Barrow’s Intense Apricot Grilled Chicken


Big bold Helvetica letters “K-I-S-S” were plastered on the wall of my Graphic Design class. “Keep It Simple Stupid” was ingrained into us as we created one white-on-white design after another. It was frustrating at the time to spend hours holding the page up to the sunlight, painstakingly removing any wayward bits of glue and aligning everything “just so.” I attribute my focused perfectionism (simultaneously my greatest strength and worst weakness) back to that Spring semester long ago.

But sometimes, I fall off the wagon. Sometimes, I overcomplicate things in my excitement.

Josh Morton gave me a bottle of Barrow’s Intense Ginger Liqueur, and after a few sips I just knew I wanted to cook with it. The sweet, spicy and citrusy liqueur is made with fresh ginger in small batches (look for the handwritten batch number on the back of each bottle). I would have sworn that Josh added oranges in the process (ginger and orange make a delicious combination) to achieve the citrus note. Thankfully I didn’t bet on that because he doesn’t…amazingly, it comes from the fresh ginger.

Barrow’s all started on Barrow’s street. Josh started experimenting with creating liqueurs to serve to friends when he threw dinner parties. Over time he created a ginger liqueur made purely with fresh ginger and it became a hit. Friends started asking him to make bottles for them to take home…and it grew from there.

Weber Grill

I decided to play with Asian flavors since ginger is one of the cuisine’s base ingredients. I excitedly added garlic, cilantro, jalapenos and a handful of other ingredients into my Barrow’s Intense marinade, envisioning how the ginger liqueur and the jalapenos would layer different types of spiciness. After mixing up my concoction, I marinated the chicken overnight.

Have you ever heard of an epic failure? The resulting dish had too many ingredients, resulting in muddled flavors. It was like that time I impatiently brushed on too many colors in my oil painting class without waiting for it to dry…it looked like someone threw brown poo onto my canvas. Not pretty, and certainly not appetizing.

Chicken Wings

Back to square one. This time I am going to keep it simple.

Step 1: Just use Barrow’s Intense for the marinade. It already brings a complexity of flavors, and it will give the chicken just a hint of Kansas City BBQ style sweetness. Add olive oil because fat will carry the flavor and help infuse the chicken.

Step 2: Head to the market and take inspiration from summer’s fresh ingredients. Firm, ripe apricots look gorgeous right now. Their sweet tartness complement and balance the ginger and citrus notes in Barrow’s Intense. I won’t be able to extract enough flavor from fresh apricots for the marinade, so I’ll make a chunky apricot sauce.

Step 3: Add more Barrow’s Intense. By cooking the apricots in the ginger liqueur, the Barrow’s Intense would seamlessly connect the two components of the dish.


I place the serving platter on the table as my family gathers around. They are one of my most discerning guinea pigs testers. My mom cooks prime rib every holiday and serves Kobe steaks every weekend we get together. We talk about the dinner menu while we eat lunch. I seem to have also turned them into cupcake snobs! The best part is they are brutally honest with their feedback…which is exactly what I need to keep improving.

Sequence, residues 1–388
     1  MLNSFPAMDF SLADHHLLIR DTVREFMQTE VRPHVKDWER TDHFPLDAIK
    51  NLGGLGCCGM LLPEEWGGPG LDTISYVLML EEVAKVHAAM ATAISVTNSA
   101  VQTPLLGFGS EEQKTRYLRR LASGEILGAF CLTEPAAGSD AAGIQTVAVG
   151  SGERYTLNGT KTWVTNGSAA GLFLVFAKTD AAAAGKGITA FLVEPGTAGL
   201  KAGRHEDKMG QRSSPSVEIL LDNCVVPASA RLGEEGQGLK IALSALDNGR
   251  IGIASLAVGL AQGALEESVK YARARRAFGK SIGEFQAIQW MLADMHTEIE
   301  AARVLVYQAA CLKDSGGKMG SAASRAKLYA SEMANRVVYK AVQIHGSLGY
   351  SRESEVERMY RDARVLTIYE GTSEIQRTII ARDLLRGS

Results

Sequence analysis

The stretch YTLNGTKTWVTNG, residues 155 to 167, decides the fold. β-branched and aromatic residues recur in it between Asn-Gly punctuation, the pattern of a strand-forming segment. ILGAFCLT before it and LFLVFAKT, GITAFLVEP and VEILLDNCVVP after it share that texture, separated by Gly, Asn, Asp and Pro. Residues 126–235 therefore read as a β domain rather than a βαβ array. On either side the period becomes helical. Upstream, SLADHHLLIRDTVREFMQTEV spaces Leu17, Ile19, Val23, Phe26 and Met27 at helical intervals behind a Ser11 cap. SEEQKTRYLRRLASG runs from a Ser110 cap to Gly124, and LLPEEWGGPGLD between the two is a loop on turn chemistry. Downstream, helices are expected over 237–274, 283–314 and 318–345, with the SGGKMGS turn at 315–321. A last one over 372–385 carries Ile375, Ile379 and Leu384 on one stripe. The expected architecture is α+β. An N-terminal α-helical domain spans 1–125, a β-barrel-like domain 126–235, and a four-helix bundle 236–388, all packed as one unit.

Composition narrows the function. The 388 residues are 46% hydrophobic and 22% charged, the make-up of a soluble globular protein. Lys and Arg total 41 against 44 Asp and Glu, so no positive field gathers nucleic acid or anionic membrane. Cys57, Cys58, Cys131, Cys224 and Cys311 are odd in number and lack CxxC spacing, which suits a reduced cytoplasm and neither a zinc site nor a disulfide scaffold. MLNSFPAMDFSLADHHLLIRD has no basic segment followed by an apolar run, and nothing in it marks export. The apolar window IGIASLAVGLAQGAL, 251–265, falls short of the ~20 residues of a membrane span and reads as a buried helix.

Rave reviews all around for the Barrow’s Intense Apricot Grilled Chicken. The moist and flavorful chicken is delicious with the apricot sauce, but equally stands well on its own. So much so that my brother asks to see the Barrow’s Intense bottle and wants to get one for himself. My brother-in-law piles on the apricot sauce, and when we run out of chicken he asks me to save the sauce so he can eat it straight from the bowl.

Reduce the salt to a pinch, and the Barrow’s Intense Apricot Sauce can be used as a dessert component. Put it on top of vanilla or cinnamon ice cream, or pour it over a slice of rich butter cake.

Ginger Apricot Grilled ChickenI love how this 6-ingredient recipe (not counting salt and pepper) with its simple preparation turned out so well. And in the spirit of “K-I-S-S” I took all of the photos for this post with an iPhone 5. You can’t pry my Canon 5D Mark III out of my hands, but at the end of the day photography distills down to two key ingredients: composition and light. It turns out that design and cooking have quite a bit in common!

Barrow’s Intense Apricot Grilled Chicken

1 chicken, skin-on bone-in and cut into pieces (wings, breast, thighs, legs)

1/2 cup Barrow’s Intense Ginger Liqueur
2 tablespoons olive oil
2 teaspoons salt
1/2 teaspoon ground pepper

Combine the chicken and all of the marinade ingredients in a zip lock plastic bag. If you use a large bowl instead, cover with plastic wrap. Ensure all of the chicken pieces are well-coated with the marinade. Refrigerate overnight.

Pre-heat the grill to medium-high (~400F). Place the chicken on the grill skin side down. Cover and grill for 15 minutes. Flip the chicken and transfer the wings to a cooler section of the grill (or on the top rack). Cover and grill for about 15 minutes until the chicken is no longer pink.

Apricot Sauce
1/2 tablespoon butter
2 apricots, seeded and diced
1/2 tablespoon brown sugar
1/4 cup Barrow’s Intense Ginger Liqueur
Pinch to 1/8 teaspoon salt

Melt the butter in a medium-sized pan on medium-low heat. Add the apricots and cook for 2 minutes. Add the brown sugar and Barrow’s Intense and simmer until the apricots are tender, 5 – 10 minutes. Season with salt to taste.

Hazel Sy
June 2013

2 Responses to “Barrow’s Intense Apricot Grilled Chicken”

  1. Beth vangelsta

    Love your creation ! THe ingredients sound very explosive to my tastebuds so will test it out july. 4th. You are one creative chef/ artist. Keep the creativity flowing. Happy 4th……….love, tita Beth


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